Magazine article The Nation's Health

New York City Health Workers Using MySpace to Reach Teens

Magazine article The Nation's Health

New York City Health Workers Using MySpace to Reach Teens

Article excerpt

New York City teenagers can learn to cope with mental health issues in a place they are familiar with, where no one is watching or judging them, where there are plenty of kids just like them and where they can interact with real health professionals--MySpace.

Launched in July 2008, NYC Teen Mindspace is a project of the New York City Department of Health and Mental Hygiene, which is taking advantage of the enormous popularity of the social networking site MySpace to reach out to teens with what could be life-saving mental health information. According to Myla Harrison, MD, the assistant commissioner in the department's Office of Child and Adolescent Services, using social networking is "a very promising strategy" to relay important public health messages.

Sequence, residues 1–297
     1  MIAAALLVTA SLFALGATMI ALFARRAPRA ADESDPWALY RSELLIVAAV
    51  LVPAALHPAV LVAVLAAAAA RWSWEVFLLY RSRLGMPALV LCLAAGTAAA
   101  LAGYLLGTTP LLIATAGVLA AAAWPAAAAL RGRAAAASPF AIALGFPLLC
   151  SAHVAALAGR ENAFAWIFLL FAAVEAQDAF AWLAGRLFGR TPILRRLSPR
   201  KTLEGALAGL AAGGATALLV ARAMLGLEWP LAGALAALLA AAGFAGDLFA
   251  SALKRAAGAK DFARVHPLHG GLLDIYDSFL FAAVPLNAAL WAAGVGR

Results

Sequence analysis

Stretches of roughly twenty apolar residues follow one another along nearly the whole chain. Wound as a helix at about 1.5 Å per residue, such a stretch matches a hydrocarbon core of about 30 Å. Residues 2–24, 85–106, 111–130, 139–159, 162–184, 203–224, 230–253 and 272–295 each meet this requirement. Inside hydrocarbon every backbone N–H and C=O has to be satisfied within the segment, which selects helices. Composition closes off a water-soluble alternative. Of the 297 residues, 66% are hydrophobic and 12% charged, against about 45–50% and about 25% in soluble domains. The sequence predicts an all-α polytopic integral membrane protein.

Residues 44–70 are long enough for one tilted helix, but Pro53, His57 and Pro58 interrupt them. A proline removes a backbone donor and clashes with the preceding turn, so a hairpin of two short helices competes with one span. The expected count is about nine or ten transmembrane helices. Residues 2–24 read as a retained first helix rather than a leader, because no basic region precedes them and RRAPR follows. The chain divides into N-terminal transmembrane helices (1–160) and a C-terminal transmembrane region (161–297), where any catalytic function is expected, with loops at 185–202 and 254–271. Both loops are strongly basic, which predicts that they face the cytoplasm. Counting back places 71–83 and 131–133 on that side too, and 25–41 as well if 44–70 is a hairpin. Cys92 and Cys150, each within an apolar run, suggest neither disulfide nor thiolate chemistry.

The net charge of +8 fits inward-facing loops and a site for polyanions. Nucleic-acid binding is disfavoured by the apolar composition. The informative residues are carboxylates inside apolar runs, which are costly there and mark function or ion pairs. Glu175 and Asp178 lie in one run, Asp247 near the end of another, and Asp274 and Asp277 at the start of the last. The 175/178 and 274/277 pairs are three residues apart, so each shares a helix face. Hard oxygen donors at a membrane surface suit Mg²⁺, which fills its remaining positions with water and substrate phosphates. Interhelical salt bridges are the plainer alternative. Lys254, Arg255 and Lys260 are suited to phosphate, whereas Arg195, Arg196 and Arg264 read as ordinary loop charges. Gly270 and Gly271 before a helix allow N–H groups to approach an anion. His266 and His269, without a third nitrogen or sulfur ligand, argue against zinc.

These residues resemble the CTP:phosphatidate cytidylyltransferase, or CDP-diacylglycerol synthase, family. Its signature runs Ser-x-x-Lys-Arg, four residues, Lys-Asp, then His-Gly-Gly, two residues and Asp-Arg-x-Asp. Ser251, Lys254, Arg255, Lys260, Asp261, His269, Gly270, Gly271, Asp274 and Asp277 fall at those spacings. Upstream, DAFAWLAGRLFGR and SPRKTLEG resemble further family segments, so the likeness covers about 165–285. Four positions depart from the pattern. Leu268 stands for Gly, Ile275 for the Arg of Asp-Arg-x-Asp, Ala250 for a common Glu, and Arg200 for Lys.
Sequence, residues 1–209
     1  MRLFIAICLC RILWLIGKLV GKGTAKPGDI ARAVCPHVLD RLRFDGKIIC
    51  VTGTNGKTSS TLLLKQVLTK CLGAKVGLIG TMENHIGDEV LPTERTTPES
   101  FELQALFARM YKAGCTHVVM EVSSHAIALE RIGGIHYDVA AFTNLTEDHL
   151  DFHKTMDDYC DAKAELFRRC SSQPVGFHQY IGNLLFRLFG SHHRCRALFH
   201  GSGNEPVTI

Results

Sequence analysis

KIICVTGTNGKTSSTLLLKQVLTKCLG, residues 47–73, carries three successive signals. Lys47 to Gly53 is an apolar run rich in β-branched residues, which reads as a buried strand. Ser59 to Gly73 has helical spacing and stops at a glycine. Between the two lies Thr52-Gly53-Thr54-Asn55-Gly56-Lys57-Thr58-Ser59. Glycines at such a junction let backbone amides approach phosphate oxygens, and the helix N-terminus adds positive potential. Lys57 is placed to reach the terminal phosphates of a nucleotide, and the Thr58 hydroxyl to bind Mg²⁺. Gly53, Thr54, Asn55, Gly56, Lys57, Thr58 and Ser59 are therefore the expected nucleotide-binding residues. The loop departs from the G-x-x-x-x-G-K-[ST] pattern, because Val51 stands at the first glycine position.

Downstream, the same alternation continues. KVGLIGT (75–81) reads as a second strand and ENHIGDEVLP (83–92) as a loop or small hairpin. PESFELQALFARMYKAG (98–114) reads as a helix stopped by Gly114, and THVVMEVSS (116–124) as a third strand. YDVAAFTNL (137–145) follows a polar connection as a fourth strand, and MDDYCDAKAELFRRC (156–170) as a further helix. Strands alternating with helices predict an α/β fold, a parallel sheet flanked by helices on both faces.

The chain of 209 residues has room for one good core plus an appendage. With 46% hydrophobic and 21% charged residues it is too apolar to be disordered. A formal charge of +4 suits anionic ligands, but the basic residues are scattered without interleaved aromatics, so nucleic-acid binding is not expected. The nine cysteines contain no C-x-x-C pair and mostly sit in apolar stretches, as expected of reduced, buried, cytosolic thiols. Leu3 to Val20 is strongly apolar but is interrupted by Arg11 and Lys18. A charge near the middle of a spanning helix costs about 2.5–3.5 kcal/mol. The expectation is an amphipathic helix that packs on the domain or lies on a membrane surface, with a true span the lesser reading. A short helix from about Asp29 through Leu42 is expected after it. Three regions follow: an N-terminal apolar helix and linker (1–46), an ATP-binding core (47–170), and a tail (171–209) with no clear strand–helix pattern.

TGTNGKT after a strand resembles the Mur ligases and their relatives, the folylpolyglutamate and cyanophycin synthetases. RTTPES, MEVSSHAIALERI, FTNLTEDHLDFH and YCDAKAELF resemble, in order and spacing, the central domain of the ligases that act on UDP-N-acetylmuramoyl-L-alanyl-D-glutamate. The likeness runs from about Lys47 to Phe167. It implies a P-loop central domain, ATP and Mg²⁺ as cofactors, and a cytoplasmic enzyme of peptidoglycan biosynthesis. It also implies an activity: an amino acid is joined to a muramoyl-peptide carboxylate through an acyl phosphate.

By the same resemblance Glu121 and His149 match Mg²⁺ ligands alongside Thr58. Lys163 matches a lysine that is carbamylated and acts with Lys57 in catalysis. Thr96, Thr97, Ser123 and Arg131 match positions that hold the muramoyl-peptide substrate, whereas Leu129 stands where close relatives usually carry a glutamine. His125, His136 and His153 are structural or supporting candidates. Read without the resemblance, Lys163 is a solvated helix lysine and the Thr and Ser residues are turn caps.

"The primary intention (of the site) was to give information aimed at education," Denise Arieli, MSW, with the health department's Office of Child and Adolescent Services, told The Nation's Health.

With nearly 750 "friends," the Mindspace site, which is hosted on MySpace, offers fact sheets on health topics ranging from depression to suicide to stress. The page also includes stories of various fictional characters suffering from mental health issues. NYC Teen Mindspace also offers quizzes, polls and "quick facts," as well as a confidential number and e-mail address that allows users to communicate directly with health workers.

"By reaching out to young people where they socialize in a style they can relate to, we make it easier for them to talk and seek help," said David Rosin, MD, deputy commissioner for mental hygiene for the New York City health department, at a 2008 news conference launching the site.

Launched as an alternative to poster campaigns on the same topic, Harrison noted that "with posters you don't know who is reading them or what they are taking away from them, and there is no way to evaluate their effectiveness. …

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